India has a huge cryptocurrency market, no doubt but some reports pointed it down as reason in surging crypto crime in the said country.
Among those problems were the dithering government, a vacationing court, and an unfriendly central bank weren’t bad enough, making India’s embattled cryptocurrency ecosystem is now staring at another problem—a spate of crimes.
The most prominent scam involving digital currencies in the country began unraveling in 2017 after investors complained against Amit Bhardwaj, founder of a cryptocurrency firm GainBitcoin.
The company had allegedly duped 8,000 investors of Rs2,000 crore ($300 million), and now British businessman Raj Kundra and other Bollywood celebrities, too, have been dragged into the mess.
In the early days, as cryptocurrencies caught on in India, frauds were limited to phishing and hacking. Then, came multi-level marketing schemes. Now virtual money is even being demanded as ransom.
Phishing and hacking: It is one of the oldest tricks in the book. An email is sent from a seemingly genuine address, asking users to click on a link and/or fill in details. These links usually contain malware that affects the systems and clones the investors data, robbing them of their funds. In other cases, a hacker may hold the important files on your system as ransom, until they are paid in cryptocurrencies.
Earlier this year, a New Delhi-based investor approached the authorities after she lost bitcoin worth Rs6.5 lakh to hacking. She lost another Rs35 lakh to crooks who promised to help retrieve the earlier amount.
Fake apps and social media accounts: Fake apps have been flooding the app stores. In other cases, counterfeit websites and Twitter handles are used to dupe gullible investors. For instance, users of Zebpay, a cryptocurrency exchange in India, received messages asking them to deposit a certain amount as part of a survey, in exchange for bitcoins. These messages were sent out from a Twitter handle that looked very similar to Zebpay’s actual account.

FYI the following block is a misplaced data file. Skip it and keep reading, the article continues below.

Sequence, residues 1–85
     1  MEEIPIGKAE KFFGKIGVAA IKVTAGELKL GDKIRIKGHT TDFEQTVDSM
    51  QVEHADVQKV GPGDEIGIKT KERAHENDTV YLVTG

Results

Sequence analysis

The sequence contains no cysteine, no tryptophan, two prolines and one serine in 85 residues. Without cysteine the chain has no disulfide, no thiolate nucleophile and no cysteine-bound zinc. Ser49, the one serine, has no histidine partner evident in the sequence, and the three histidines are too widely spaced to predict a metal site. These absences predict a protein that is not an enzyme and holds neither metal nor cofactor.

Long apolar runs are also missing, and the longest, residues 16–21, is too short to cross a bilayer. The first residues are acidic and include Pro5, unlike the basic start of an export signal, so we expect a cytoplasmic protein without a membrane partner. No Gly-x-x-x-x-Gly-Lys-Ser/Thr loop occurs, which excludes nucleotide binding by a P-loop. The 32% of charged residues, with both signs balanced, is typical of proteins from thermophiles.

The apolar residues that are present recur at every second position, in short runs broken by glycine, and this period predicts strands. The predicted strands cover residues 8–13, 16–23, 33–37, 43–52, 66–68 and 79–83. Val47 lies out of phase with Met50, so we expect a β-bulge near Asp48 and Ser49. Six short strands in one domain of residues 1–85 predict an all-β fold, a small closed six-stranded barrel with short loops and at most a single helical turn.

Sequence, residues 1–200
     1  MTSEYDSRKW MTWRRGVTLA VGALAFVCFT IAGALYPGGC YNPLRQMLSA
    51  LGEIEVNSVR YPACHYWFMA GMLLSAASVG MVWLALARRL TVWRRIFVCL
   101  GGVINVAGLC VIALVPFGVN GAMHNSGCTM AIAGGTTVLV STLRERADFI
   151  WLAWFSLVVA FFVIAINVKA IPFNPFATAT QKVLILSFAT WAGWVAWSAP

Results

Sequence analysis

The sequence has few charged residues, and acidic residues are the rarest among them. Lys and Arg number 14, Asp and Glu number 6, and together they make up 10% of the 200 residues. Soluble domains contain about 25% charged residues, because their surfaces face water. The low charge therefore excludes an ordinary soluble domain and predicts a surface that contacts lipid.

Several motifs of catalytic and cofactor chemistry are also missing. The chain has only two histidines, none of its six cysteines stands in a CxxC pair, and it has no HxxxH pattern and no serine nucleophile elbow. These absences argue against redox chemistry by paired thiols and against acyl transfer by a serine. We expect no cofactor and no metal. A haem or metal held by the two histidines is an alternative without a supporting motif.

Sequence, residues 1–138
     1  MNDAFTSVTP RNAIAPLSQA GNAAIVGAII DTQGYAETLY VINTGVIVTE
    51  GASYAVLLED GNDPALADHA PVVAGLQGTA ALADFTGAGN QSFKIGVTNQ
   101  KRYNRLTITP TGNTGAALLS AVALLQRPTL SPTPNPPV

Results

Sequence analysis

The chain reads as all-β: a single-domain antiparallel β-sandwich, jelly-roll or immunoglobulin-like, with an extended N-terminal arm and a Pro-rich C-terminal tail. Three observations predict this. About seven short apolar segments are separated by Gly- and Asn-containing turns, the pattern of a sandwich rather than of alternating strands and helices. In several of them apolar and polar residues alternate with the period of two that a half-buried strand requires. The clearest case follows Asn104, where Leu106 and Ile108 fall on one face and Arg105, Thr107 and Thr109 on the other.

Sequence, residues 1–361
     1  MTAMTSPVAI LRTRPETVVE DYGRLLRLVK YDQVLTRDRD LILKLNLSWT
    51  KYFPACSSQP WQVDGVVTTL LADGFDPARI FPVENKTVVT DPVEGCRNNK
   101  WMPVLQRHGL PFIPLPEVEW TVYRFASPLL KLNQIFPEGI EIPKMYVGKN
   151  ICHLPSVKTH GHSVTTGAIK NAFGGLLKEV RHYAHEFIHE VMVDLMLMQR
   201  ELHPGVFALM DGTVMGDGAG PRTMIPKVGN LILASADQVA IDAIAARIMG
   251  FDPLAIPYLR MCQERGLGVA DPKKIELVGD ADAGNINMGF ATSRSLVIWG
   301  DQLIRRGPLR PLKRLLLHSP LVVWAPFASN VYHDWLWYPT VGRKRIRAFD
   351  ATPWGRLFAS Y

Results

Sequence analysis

Ponzi schemes: The golden rule of investing is that if something looks too good to be true, it probably is. In the case of GainBitcoin, Bharadwaj had promised investors a 10% monthly return on cryptocurrency investments for 18 months under multi-level marketing (MLM) schemes such as Bitcoin Growth Fund. The MLM schemes are tiered marketing plans in which investors are rewarded for bringing more people into the fold. The old investors are paid off with the help of money ploughed in by the new customers, till the scheme falls flat.
In another case, investors in OneCoin, another company that launched a digital coin-led investment scheme, realised that the firm didn’t even have a registered office address or a bank account. Nearly, 400 people were taken in by the promise of high returns.
Meanwhile, Blockchain consultant Pramod Emjay warns that any investment offer that promises to make you rich quickly should raise a red flag. “The types of scams that are being followed are not new at all. These are just old scams in new garbs. Therefore, investor needs to follow the same rule of being very cautious.”
Exchanges under attack: In April, Coinsecure, a New Delhi-based cryptocurrency exchange, was robbed of 438 bitcoins worth Rs20 crore.
The firm named an employee in a first information report filed later that month, while promising to refund money to its investors in due time. It’s the first time that an exchange came under an attack in India. But, globally such cases are well known.